We also added the ability to view new citations from your projects or the book or article where you created them.

Notes (0)
Bookmarks (0)

You have no saved items from this article

Project items include:
  • Saved book/article
  • Highlights
  • Quotes/citations
  • Notes
  • Bookmarks
Notes
Cite this article

Cited article

Style
Citations are available only to our active members.
Sign up now to cite pages or passages in MLA, APA and Chicago citation styles.

(Einhorn, 1992, p. 25)

(Einhorn 25)

1

1. Lois J. Einhorn, Abraham Lincoln, the Orator: Penetrating the Lincoln Legend (Westport, CT: Greenwood Press, 1992), 25, http://www.questia.com/read/27419298.

Cited article

Cole's Notes: Hall, a Passageway to Bigger Things
Settings

Settings

Typeface
Text size Smaller Larger Reset View mode
Search within

Search within this article

Look up

Look up a word

  • Dictionary
  • Thesaurus
Please submit a word or phrase above.
Print this page

Print this page

Why can't I print more than one page at a time?

Full screen

matching results for page

Cited passage

Style
Citations are available only to our active members.
Sign up now to cite pages or passages in MLA, APA and Chicago citation styles.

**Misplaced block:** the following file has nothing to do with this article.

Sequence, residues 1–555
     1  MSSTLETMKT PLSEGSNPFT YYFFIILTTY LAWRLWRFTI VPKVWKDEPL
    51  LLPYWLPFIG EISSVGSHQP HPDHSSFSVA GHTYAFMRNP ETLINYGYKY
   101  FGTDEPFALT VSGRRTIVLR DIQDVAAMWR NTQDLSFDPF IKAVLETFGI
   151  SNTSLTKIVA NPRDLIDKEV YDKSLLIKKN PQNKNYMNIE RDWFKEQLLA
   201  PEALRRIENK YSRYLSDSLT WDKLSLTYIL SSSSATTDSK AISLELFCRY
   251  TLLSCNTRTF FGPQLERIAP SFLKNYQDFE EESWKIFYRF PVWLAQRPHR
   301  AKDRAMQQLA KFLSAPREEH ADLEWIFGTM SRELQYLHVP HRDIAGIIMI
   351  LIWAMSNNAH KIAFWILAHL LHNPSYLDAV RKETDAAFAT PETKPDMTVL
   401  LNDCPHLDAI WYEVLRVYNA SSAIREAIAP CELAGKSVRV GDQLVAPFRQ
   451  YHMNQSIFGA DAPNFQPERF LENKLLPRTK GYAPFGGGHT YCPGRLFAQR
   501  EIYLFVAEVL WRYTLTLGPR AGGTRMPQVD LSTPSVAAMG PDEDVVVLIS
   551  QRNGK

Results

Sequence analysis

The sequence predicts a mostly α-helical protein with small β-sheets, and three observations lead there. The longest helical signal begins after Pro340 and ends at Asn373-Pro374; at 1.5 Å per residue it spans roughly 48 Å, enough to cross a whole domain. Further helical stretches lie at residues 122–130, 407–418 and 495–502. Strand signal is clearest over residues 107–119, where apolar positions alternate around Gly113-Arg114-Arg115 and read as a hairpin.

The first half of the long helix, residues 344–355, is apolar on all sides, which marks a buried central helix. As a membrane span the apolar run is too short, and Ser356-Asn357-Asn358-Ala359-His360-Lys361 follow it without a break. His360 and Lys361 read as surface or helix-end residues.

"Portraying himself as an honest, ordinary person helped Lincoln identify with his audiences." (Einhorn, 1992, p. 25).

"Portraying himself as an honest, ordinary person helped Lincoln identify with his audiences." (Einhorn 25)

"Portraying himself as an honest, ordinary person helped Lincoln identify with his audiences."1

1. Lois J. Einhorn, Abraham Lincoln, the Orator: Penetrating the Lincoln Legend (Westport, CT: Greenwood Press, 1992), 25, http://www.questia.com/read/27419298.

Cited passage

Thanks for trying Questia!

Please continue trying out our research tools, but please note, full functionality is available only to our active members.

Your work will be lost once you leave this Web page.

For full access in an ad-free environment, sign up now for a FREE, 1-day trial.

Already a member? Log in now.